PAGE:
Needles, Condoms and Human Feces: Neighbors Decry Condition of Boston Park

The problems at Clifford Park in Roxbury, located blocks from Mass. and Cass, are becoming worse, according to youth coach Domingos DaRosa

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The condition of a Boston park where children play has long raised concerns among residents, who now say the problem has gotten worse.

During a recent children's baseball practice at Clifford Park in Roxbury, Domingos DaRosa found a homeless man passed out in the middle of the field.

"He was sleeping," said DaRosa. "He was a little intoxicated and we asked him to leave because we were getting ready to practice."

It's not an uncommon sight at the park — located blocks from the area known as Mass. and Cass, which has been plagued by troublesome transients and public drug use for years.

But the problems, DaRosa said, are rapidly multiplying, and he said city officials haven't done much to improve the conditions at the park.

"You can see the bottle caps, the trash, the stuff that are left over from Friday, Saturday and Sunday," he said. "You can find folks camping around the park, you can find needles just about everywhere, human feces."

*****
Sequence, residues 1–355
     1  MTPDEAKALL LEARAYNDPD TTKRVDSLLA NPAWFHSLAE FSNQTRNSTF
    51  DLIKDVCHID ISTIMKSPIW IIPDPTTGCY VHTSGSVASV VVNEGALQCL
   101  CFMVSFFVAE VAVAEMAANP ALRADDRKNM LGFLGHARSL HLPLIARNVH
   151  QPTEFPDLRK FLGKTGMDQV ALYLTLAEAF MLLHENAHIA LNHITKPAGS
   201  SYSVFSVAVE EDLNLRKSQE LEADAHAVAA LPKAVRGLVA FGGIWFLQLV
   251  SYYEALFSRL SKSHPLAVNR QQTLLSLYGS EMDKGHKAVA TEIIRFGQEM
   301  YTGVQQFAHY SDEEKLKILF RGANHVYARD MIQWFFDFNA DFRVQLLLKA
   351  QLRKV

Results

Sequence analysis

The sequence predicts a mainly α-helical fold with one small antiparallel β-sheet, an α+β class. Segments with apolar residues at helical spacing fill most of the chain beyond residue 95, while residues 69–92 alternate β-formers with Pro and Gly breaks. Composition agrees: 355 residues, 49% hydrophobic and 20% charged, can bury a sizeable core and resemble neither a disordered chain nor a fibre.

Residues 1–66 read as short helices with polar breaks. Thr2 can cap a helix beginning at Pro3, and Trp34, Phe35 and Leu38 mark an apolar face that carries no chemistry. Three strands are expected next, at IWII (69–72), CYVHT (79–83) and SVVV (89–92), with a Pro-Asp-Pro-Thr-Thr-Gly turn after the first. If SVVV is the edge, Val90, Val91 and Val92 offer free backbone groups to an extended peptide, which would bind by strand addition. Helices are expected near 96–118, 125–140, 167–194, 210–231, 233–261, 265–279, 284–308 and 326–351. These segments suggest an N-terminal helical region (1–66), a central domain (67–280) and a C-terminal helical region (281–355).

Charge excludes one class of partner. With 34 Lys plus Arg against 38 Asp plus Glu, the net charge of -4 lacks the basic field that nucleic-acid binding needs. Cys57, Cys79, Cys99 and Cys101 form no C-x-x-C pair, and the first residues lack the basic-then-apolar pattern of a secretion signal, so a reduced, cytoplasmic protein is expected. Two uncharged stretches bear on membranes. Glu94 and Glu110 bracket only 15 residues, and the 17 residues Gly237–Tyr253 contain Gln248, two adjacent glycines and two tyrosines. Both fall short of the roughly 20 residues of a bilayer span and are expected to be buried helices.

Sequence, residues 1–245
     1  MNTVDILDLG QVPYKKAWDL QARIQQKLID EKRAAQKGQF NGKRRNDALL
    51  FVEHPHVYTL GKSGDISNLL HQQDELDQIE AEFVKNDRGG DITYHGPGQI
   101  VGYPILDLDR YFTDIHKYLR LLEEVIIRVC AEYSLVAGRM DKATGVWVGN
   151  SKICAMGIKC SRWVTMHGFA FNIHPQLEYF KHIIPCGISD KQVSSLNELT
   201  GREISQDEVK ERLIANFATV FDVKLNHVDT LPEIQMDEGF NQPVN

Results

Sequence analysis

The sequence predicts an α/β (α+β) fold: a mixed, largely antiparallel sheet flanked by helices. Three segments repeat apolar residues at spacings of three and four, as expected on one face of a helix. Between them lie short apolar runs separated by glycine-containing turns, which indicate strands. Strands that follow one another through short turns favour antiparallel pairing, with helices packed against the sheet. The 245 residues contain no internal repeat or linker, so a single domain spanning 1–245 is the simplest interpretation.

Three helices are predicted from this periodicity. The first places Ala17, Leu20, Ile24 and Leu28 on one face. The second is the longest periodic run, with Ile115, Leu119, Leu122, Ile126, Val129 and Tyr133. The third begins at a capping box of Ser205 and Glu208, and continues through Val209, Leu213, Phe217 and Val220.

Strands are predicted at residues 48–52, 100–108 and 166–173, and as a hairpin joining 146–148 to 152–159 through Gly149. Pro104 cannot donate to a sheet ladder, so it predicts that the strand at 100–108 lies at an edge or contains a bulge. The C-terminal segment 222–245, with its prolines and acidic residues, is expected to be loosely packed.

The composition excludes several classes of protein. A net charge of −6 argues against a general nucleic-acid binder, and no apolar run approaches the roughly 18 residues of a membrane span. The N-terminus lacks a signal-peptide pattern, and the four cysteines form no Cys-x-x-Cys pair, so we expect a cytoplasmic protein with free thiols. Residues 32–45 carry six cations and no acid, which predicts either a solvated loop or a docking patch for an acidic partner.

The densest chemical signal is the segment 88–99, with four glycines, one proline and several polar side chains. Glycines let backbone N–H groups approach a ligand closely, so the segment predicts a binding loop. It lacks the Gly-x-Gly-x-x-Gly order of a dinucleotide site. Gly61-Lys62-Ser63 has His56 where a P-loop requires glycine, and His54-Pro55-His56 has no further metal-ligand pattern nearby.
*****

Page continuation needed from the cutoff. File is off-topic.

There are also used condoms and other drug paraphernalia scattered throughout the park.

NBC10 Boston first reported on the issues at Clifford Park in September, shortly before DaRosa moved his Boston Bengals Pop Warner football program to another field. His decision followed a series on run-ins with aggressive homeless people and incidents in which the children he coaches were nearly pricked with used needles.

In addition to the rampant drug use, DaRosa said large weekend parties and piling trash are now a regular occurrence at the park.

He said that although he moved his team back to the field earlier this year, he's seriously considering leaving it permanently.

"This park was a safe haven for the kids in my community, and now those same kids — that we call at-risk — are losing, on top of other things, they're losing a park that should be a safe haven."

Mayor Michelle Wu's office didn't respond Monday to a request for comment.

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